Abortion should be legal for all who need it: The Femedic view

repeal the 8th

On 25th May, Ireland will vote in a referendum that could effectively end the country’s ban on abortion. The eighth amendment to the country’s constitution recognises the equal right to life of mother and unborn child, meaning that abortion is illegal, including in situations when the mother-to-be has been raped, or continuing with the pregnancy has severe implications for her health.

The amendment has been in place since 1983, but on May 25th, voters will be given the option to vote “yes” – repeal the 8th, or “no” – leave it. The latest poll shows 47% will be voting Yes, and 32% No.

So what will happen if the amendment is repealed? It will allow the Irish government to form new legislation on abortion, most likely making it legal up to 12 weeks of pregnancy.

Currently in Ireland, if someone accesses an abortion in the country they face 14 years in prison, with the same punishment applying to the health professional or anyone else who assists them in getting it.

The lead-up to the referendum hasn’t been all that civil. Just yesterday (May 3), graphic imagery relating to abortion was displayed outside a Dublin maternity hospital.

Currently in Ireland, if someone accesses an abortion in the country they face 14 years in prison, with the same punishment applying to the health professional or anyone else who assists them in getting it.

Under the proposed new legislation, the penalty would be removed, and there will be no circumstances where a woman can be criminalised, although abortion would only be legal for up to 12 weeks, and only longer in specific instances. If the new legislation is introduced, anyone performing any abortion outside the law would still face a potential penalty of 14 years in prison.

If the amendment is not repealed, then the current legislation will remain in place, that is: a woman will only be able to access abortion in Ireland if it is deemed her life is at risk.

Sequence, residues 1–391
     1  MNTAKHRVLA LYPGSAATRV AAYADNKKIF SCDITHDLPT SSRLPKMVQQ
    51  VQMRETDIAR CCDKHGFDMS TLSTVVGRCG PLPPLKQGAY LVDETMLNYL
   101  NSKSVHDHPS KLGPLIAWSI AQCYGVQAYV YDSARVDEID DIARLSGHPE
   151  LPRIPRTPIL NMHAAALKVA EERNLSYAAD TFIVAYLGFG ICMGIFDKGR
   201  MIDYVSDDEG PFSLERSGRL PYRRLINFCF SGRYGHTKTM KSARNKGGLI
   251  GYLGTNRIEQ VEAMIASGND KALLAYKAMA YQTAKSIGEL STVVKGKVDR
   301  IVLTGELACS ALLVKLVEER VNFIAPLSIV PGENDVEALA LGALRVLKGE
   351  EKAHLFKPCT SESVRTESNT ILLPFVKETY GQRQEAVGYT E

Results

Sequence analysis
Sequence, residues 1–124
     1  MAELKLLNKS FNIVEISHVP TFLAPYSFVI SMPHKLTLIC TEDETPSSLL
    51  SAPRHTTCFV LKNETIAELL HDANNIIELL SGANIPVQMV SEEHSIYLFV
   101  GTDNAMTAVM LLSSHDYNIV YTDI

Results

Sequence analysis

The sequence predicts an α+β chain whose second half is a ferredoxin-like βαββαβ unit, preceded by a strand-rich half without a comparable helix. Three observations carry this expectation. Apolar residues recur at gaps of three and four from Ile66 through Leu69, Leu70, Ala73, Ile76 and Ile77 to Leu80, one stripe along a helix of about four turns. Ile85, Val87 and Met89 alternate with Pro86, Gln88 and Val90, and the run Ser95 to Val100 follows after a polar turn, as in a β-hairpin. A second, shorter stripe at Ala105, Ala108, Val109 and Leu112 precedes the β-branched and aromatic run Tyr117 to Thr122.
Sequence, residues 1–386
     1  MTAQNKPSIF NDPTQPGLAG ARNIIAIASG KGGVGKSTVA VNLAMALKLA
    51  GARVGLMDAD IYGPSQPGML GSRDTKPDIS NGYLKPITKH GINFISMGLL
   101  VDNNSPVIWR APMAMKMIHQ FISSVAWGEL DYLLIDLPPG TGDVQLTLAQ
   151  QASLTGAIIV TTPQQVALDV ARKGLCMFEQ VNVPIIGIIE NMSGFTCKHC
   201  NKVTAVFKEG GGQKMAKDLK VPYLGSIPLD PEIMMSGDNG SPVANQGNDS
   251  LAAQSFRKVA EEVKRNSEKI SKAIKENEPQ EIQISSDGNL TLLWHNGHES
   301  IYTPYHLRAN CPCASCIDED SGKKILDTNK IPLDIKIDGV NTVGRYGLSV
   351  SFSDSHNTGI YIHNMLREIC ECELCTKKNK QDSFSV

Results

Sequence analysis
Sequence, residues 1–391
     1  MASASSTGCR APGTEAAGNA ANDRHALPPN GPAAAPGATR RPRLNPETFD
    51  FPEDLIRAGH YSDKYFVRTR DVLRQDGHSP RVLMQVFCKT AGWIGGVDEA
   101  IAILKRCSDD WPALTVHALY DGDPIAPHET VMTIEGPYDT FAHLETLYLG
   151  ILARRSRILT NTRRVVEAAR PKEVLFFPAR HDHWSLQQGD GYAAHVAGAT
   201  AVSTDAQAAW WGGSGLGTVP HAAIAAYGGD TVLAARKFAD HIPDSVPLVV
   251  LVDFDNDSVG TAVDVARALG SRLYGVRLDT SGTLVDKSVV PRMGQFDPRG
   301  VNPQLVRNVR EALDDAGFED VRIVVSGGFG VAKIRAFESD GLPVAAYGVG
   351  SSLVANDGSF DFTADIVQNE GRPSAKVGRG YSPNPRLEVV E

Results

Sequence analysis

A Yes vote doesn’t mean you are pro-abortion, but rather pro-choice: the choice of a pregnant women to make a decision based upon what she knows about her health, her body, and her current life situation.

Currently, stories of Irish women’s attempts to access abortion are quite chilling. Since 1980, more than 170,000 Irish women have had to travel abroad to access abortion – at great expense, an expense that is impossible for many.

Other women have resorted to buying abortion pills online, which is dangerous. An estimated 1,500 abortion pills are used in Northern Ireland and the ROI every year, roughly five pills a day. While these pills are medically approved in other countries, it is currently illegal to take them in Ireland, meaning women are unlikely to go and seek help from their GP should they experience complications or side effects.

A Yes vote doesn’t mean you are pro-abortion, but rather pro-choice: the choice of a pregnant women to make a decision based upon what she knows about her health, her body, and her current life situation.

Accidental pregnancies happen all the time. Contraception can fail, people make mistakes, people change their minds. For a woman to have full, autonomous control over her body and what happens to it, abortion should be made legal, for all women the world over.

There are a huge amount of reasons, too, why a woman may wish to have an abortion, and the decision to have an abortion is very rarely made without deep, and sometimes agonising, thought, consideration, discussion, and conversation with health professionals.

A woman may wish to abort her pregnancy if her living situation changes and she realises she can no longer support a child financially. A woman may wish to abort a pregnancy after rape. A woman may wish to abort a pregnancy if she is in an abusive relationship. A woman may wish to abort a pregnancy if she decides she is simply not in the right mind frame and position in her life and career or education to bring up a child.

While a decision should never be taken lightly on whether or not to have an abortion, no one should be forced to go through with a pregnancy until birth if they do not wish to. While the proposed changes to Ireland’s constitution should Yes win are not perfect, they will be a huge step forward for the rights of women.

Imogen Robinson

Deputy Editor, The Femedic

Imogen joined The Femedic after working as a news reporter. Becoming frustrated with the neverending clickbait, she jumped at the chance to work for a site whose ethos revolves around honesty and empathy. From reading articles by doctors to researching her own, and discussing health with a huge variety of women, she is fascinated by just how little we are told about our own bodies and women-specific health issues, and is excited to be working on a site which will dispel myths and taboos, and hopefully help a lot of women.

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